Since World War II, the residents of Framingham, Mass., and their descendants have been tracked as part of a project on cardiovascular disease. For their paper, Nicholas Christakis and James H. Fowler followed almost 5,000 subjects of the Framingham study for 20 years. Participants were asked to provide a list of their relatives, close friends, neighbors and co-workers, which gave Christakis and Fowler about 50,000 social ties to work with. The subjects were asked to fill out a form on how often they experienced certain feelings, such as happiness or hope for the future.
Once the researchers established an emotional baseline for participants, they were able to measure emotional fluctuations. Then they compared emotional fluctuations within each participant's social network, finding that our emotional state can be affected by that of people around us. Though sadness is somewhat spreadable, the transmission of happiness is far more potent.
Christakis and Fowler found that people we don't even know have an impact on our emotional state. If a friend of a friend is happy, then our chances of happiness leap 10 percent, while an extra $5,000 is only good for a possible 2 percent increase in happiness [source: Park]. The influence seems to stop after three degrees, however, and you're far more likely to experience a bump in happiness when a dear friend in close proximity becomes happy.
A good friend that lives half a mile away had the potential to boost happiness by 42 percent, but if the friend lived two miles away, the effect was halved [source: Belluck]. A cheerful next-door neighbor, however, might provide a 34 percent increase in happiness [source: Callaway]. Clearly, distance is a key factor, but gender may be as well. A joyful spouse only increased happiness by about 8 percent, seeming to indicate that we take our emotional cues from people of the same gender. The happiness doesn't stick around forever, though; it seems to have a shelf life of one year [source: Harvard Medical School]. The one place where happiness doesn't seem to spread, however, is in the workplace, perhaps because one person's promotion means that another person was passed over.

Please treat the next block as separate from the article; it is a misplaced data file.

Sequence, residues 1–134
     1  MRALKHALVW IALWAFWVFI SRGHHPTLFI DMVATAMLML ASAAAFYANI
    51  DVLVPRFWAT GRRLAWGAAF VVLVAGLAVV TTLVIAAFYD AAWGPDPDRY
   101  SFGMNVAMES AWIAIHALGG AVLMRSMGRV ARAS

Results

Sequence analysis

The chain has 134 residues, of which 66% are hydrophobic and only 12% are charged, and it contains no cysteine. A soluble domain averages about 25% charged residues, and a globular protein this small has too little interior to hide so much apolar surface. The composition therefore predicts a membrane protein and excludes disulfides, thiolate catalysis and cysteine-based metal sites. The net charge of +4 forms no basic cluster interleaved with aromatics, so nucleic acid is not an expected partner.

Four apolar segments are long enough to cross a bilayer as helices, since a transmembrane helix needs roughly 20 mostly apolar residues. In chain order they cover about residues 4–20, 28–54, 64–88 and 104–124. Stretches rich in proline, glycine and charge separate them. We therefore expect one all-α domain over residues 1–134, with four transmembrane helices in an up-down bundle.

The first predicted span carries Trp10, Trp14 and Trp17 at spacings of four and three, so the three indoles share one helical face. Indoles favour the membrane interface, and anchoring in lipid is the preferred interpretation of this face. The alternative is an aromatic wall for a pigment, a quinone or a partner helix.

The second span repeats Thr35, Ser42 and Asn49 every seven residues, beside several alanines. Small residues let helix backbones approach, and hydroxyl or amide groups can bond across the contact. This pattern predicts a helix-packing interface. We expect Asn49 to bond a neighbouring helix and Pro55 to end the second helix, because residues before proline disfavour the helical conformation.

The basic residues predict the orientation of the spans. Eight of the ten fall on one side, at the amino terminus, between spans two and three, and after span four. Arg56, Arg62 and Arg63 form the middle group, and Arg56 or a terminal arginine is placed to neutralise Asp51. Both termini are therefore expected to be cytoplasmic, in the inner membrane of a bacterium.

Not everyone buys into these results, however. On the same day that Christakis and Fowler's work was made available, Ethan Cohen-Cole and Jason Fletcher published a paper that used the same data set to demonstrate that height, headaches and acne were also contagious. This second paper warns against confusing correlation with causation. Still, it's worth considering the people you allow in your social network -- they may influence you in ways you're not even aware of.
As the people of Framingham continue to fight outbreaks of happiness and headaches, you can read more about happiness on the next page.